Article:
Today, marathons are organized in cities across the world, with each race offering a unique experience and challenging course. These events bring communities together, fostering camaraderie and a sense of accomplishment among participants. From the oldest annual marathon, the Boston Marathon, to the vibrant London Marathon and the historically significant Athens Marathon, each race has its own place in the rich tapestry of marathon history.


The Boston Marathon

The Boston Marathon is more than just a race; it is a symbol of resilience, tradition, and community. Established in 1897, it proudly holds the title of the oldest annual marathon in the world. It is an event steeped in history and has earned its place as one of the most prestigious races in the global marathon calendar.

Held annually on Patriots’ Day, the third Monday in April, the Boston Marathon attracts elite runners, amateur athletes, and enthusiastic spectators from around the globe. Its iconic course covers 26.2 miles, starting in the quiet town of Hopkinton and finishing on Boylston Street in downtown Boston. The challenging terrain, including the notorious Heartbreak Hill, poses a true test of endurance for all participants.

What sets the Boston Marathon apart is its qualification requirements, which make it an exclusive and highly sought-after race. To be eligible to run, participants must meet specific time standards based on their age and gender. This stringent qualification process ensures a competitive field of runners and maintains the race’s reputation as a showcase of excellence.

The Boston Marathon is deeply ingrained in Boston’s culture and holds a special place in the hearts of the city’s residents. It is a celebration of unity and resilience, especially since the tragic events of the 2013 marathon bombing. The race has become a symbol of strength and defiance, with runners and spectators coming together to honor and remember those affected by the attack.

Traditions also play a significant role in the Boston Marathon. The event starts with the playing of the national anthem, followed by the firing of a cannon to signal the beginning of the race. The enthusiastic crowds lining the course, affectionately known as “Boston Strong,” provide unwavering support and encouragement to the runners, creating an electrifying atmosphere that fuels their determination.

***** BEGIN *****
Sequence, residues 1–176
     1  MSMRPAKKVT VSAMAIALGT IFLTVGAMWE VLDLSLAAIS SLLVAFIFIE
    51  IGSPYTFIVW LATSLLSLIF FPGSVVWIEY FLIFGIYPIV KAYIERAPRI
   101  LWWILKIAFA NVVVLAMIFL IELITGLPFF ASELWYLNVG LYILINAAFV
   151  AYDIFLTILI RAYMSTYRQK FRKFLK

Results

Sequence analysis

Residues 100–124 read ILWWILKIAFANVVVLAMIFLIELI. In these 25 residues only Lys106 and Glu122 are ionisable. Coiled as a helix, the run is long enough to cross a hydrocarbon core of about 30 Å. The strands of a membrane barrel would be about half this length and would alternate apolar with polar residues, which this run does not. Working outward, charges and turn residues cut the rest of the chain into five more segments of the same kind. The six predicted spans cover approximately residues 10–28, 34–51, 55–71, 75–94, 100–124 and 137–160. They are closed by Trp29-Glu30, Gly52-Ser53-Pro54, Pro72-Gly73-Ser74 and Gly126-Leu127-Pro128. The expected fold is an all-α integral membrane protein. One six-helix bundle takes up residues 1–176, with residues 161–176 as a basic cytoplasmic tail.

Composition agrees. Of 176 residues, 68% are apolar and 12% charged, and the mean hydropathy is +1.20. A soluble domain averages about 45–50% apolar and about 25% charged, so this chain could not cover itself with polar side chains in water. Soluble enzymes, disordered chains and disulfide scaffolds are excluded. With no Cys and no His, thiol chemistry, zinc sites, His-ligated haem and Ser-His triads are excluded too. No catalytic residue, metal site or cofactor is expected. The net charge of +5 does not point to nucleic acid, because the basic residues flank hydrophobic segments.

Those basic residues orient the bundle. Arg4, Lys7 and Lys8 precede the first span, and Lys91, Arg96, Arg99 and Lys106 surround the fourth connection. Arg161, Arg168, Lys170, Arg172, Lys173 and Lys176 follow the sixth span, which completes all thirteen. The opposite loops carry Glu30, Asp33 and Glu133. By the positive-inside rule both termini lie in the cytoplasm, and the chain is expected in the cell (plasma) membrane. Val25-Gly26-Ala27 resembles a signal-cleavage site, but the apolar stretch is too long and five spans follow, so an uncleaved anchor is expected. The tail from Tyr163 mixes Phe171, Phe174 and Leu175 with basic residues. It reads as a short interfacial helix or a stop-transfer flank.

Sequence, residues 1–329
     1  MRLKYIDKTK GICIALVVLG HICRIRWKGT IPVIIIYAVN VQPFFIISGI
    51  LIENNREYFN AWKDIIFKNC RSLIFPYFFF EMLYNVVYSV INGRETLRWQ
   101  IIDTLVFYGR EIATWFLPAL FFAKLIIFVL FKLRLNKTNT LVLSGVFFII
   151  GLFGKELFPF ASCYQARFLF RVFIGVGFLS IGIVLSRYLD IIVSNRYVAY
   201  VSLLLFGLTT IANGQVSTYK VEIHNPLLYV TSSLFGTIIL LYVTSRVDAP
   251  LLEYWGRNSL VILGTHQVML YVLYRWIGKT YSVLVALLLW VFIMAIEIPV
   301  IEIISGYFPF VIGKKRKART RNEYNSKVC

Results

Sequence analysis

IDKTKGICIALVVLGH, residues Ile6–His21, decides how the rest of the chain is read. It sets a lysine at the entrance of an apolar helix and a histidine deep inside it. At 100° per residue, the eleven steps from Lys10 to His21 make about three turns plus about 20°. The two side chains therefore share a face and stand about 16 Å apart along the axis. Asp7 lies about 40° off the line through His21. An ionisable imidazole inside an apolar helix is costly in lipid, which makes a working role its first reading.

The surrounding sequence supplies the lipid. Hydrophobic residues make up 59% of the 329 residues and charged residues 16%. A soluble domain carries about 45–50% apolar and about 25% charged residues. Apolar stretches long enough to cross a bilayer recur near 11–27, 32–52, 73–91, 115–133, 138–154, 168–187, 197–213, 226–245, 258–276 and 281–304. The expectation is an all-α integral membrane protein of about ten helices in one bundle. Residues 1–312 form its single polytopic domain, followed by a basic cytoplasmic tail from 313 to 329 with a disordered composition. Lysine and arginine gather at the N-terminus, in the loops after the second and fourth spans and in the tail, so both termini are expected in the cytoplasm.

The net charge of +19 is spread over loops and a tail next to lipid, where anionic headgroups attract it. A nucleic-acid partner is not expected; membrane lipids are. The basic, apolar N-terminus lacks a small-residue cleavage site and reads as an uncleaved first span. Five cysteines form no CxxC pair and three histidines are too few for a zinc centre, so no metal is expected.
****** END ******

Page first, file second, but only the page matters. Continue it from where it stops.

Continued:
The Boston Marathon is not just about winning; it is about the journey and the personal triumphs of every participant. Completion of the race is seen as a remarkable achievement, irrespective of finishing time. The sense of accomplishment is evident as runners cross the finish line, often accompanied by tears of joy and embracing loved ones.

Additionally, the Boston Marathon has had its share of remarkable moments and record-breaking performances. From the four-time champion Bill Rodgers to the unforgettable duel between Dick Hasket and Alberto Salazar, the race has witnessed many memorable feats of athletic prowess.

Year after year, the Boston Marathon continues to captivate the world with its rich traditions, inspiring stories, and unwavering spirit. It is an event that showcases the power of human determination and embodies the true essence of marathon racing.


The London Marathon

The London Marathon, established in 1981, has become one of the most prestigious and beloved marathons in the world. Held annually in the capital city of England, it attracts participants from all corners of the globe, making it one of the largest marathons in terms of participation.

What sets the London Marathon apart is its picturesque and iconic course. Runners have the opportunity to traverse the historic streets of London, passing by famous landmarks such as Buckingham Palace, the Tower Bridge, and the Houses of Parliament. The course showcases the city’s rich history and cultural significance, providing runners with a truly captivating and memorable experience.

The London Marathon is not just a race; it is a celebration of community and charitable giving. The event is known for its strong focus on fundraising, with thousands of participants raising millions of pounds for various charitable causes every year. Runners often don creative costumes or represent charitable organizations, adding a vibrant and festive atmosphere to the race. It is this philanthropic spirit that has made the London Marathon a beacon of hope and positivity.

Another unique aspect of the London Marathon is the incredible support from the spectators. The streets are lined with cheering crowds, offering encouragement and motivation to the runners throughout the race. From the start line in Greenwich to the finish on The Mall, the energy and enthusiasm of the spectators provide an extra boost, helping participants push through the inevitable physical and mental challenges of the marathon distance.